“The prospects for a deal after Doha are worse than they were before Doha and they will be getting worse by the day,” the official said. “You could describe Doha at best as treading water, at worst as moving backwards. But at this point treading water is for all practical purposes moving backwards.”
The European Union Ambassador to the UN, Olof Skoog, also pointed to a lack of progress, “I am concerned that we might not make it over the finishing line. My message is: Seize this opportunity to conclude the deal, based on the text that is on the table.”
Showing its worry over evolving links between Israel and Arab States — and over the economic consequences of collapsed talks — Iran maintained that the negotiations were “serious and positive”.
But as they heard the Secretary General’s latest report on Iran’s nuclear program, other ambassadors were sceptical.
UK Ambassador Barbara Woodward said Tehran”should urgently take this deal — there will not be a better one.”
US Deputy Ambassador Richard Mills said, “Iran has yet to demonstrate any real urgency to conclude a deal, end the current nuclear crisis, and achieve important sanctions lifting.”
And France’s Nicolas de Riviere was even more critical, “Not only has Iran not taken up the offer on the table, but it also added yet more issues which fall outside the JCPOA [Joint Comprehensive Plan of Action] with maximalist and unrealistic demands.”
UPDATE, JUNE 30:
Indirect talks between the US and Iran over a renewal of the 2015 nuclear deal ended without any progress on Wednesday in Qatar.
European Union foreign policy head Enrique Mora, the broker of the discussions, tweeted:
Two intense days of proximity talks in Doha on #JCPOA. Unfortunately, not yet the progress the EU team as coordinator had hoped-for. We will keep working with even greater urgency to bring back on track a key deal for non-proliferation and regional stability @JosepBorrellF pic.twitter.com/eA1Wluif01
— Enrique Mora (@enriquemora_) June 29, 2022
A US State Department spokesperson said Iran “failed to respond positively to the EU’s initiative and therefore…no progress was made.”
The spokesperson said that “Iran raised issues wholly unrelated” to the nuclear agreement and “apparently is not ready to make a fundamental decision on whether it wants to revive the deal or bury it”.
Iran Foreign ministry spokesman Naser Kanani said Tehran’s lead negotiator, Deputy Foreign Minister Ali Bagheri Kani, and Mora “will be in touch about continuing the path and the next stage of the talks”.
UPDATE, JUNE 28:
The Iran nuclear talks will resume, af:r a suspension of almost four months, in the Qatari capital Doha on Tuesday. Indirect US-Iran discussions will be brokered by the European Union.
— Abas Aslani (@AbasAslani) June 28, 2022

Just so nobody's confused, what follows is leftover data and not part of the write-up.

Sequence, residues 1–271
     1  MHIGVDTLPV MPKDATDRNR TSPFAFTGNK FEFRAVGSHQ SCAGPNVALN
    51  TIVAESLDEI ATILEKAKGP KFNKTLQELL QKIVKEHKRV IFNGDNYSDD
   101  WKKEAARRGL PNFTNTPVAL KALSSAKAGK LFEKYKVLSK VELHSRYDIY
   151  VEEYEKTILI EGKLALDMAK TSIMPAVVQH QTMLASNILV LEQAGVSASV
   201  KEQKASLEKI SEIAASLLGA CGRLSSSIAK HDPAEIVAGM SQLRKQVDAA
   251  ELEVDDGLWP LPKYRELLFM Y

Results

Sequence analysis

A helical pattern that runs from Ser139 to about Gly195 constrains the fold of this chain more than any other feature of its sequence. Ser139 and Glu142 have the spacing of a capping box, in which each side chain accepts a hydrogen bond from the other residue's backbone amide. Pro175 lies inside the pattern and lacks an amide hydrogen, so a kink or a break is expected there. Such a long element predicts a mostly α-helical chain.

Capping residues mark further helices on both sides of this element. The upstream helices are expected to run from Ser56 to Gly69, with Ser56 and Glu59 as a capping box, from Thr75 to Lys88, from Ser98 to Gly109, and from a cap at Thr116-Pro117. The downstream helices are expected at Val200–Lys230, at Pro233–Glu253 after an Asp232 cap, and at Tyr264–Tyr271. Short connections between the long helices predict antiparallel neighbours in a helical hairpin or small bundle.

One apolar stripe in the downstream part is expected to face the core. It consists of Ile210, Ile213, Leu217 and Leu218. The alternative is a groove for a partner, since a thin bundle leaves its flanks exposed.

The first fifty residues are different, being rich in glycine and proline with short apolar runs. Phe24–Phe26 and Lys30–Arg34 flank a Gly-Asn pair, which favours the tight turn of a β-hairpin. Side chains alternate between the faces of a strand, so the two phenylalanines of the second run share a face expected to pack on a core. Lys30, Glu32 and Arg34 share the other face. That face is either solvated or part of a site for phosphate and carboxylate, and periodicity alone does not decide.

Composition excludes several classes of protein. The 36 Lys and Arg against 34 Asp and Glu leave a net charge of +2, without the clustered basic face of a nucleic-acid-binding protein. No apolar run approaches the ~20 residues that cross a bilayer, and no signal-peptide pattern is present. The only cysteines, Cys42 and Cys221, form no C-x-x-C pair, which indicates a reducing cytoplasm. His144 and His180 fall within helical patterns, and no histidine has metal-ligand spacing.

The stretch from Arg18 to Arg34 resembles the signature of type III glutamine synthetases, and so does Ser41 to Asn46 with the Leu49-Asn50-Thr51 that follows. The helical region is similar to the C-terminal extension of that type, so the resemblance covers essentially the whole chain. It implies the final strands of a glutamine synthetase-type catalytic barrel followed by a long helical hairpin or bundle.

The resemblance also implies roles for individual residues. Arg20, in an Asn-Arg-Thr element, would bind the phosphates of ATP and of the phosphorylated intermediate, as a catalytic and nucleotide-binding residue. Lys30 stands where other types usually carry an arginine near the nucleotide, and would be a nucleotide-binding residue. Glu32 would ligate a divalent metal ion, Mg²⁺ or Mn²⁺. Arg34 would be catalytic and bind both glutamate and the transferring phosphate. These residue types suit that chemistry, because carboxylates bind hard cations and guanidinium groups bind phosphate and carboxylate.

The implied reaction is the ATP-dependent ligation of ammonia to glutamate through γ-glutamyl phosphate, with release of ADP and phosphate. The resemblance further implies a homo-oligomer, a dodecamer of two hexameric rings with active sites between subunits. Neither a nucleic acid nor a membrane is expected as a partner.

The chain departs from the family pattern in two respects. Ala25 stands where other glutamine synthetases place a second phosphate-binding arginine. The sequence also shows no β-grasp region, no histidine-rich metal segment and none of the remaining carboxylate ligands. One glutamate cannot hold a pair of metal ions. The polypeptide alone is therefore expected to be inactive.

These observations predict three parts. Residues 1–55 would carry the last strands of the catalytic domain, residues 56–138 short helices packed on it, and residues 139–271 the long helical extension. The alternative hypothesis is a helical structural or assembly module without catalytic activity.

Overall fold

UPDATE, JUNE 27:
Iranian Foreign Ministry spokesperson Saeed Khatibzadeh said on Monday that talks over Iran’s nuclear program will resume in a “Persian Gulf country” — which Iranian outlets have identified as Qatar — within the next days.
“The time and venue of negotiations have been almost determined,” Khatibzadeh said, “The final decisions in this regard will be made soon.”
A “European diplomat” has also said, following Saturday’s meeting between Iranian Foreign Hossein Amir Abdollahian and European Union foreign policy head Josep Borrell, that the discussions will be in Qatar.
ORIGINAL ENTRY, JUNE 26: Iran’s officials say talks for a revival of the 2015 nuclear deal, stalled since March, will soon resume.
Foreign Minister Hossein Amir-Abdollahian said, after discussions with European Union foreign policy Josep Borrell in Tehran on Saturday, “We are ready to resume the Vienna talks within the next days.”
The Vienna process began in April 2021 between Iran and the remaining 5+1 Powers (UK, France, Germany, China, and Russia) over US re-entry to the deal, the lifting of American sanctions on Tehran, and an Iranian return to compliance.
The discussions were close to resolution in February. However, they were complicated by Iran’s demand that the US removed the Revolutionary Guards — which Washington says is involved in destabilizing operations throughout the Middle East — from its list of foreign terrorist organizations. Tehran has also stepped up its refusal to cooperate with inspectors of the International Atomic Energy Agency on certain issues over the nuclear program.
Amir-Abdollahian said he had “detailed, precise and deep” negotiations with Borrell: “We are going to break the stalemate in the Vienna talks and end the tension that has existed in recent days.” He expressed hope that the US would “this time” pursue a “realistic and fair approach” and act responsibly.
He added, “What is important for the Islamic Republic of Iran is that it should completely enjoy all the economic benefits [stipulated] in the 2015 agreement.”
Iran’s economy, with long-standing difficulties, is under further pressure after the suspension of the talks. Amid protests across the country, the rial dropped to a historic low against the US dollar.
Upon news of the possible revival of talks, the rial regained 3% of its value on Sunday, reaching 313,800:1 against the US dollar.
Nour News, affiliated with Iran’s Supreme National Security Council, said the next round of talks may be in Qatar rather than in Vienna.
The Qatari Government has served as a broker between Iran and other countries in an effort to break the stalemate in the discussions.
Iran Tests Satellite Launcher
In a posture of strength, Iran carried out a second test of its Zuljanah satellite launcher on Sunday.
The US claims the long-range ballistic technology putting the satellites into orbit could also be used to launch nuclear warheads.
The Zuljanah has three stages and uses a combination of solid and liquid fuels.
“The third development phase of the Zuljanah satellite launcher will be based on a combination of information gained during today’s launch,” a Defense Ministry spokesperson said.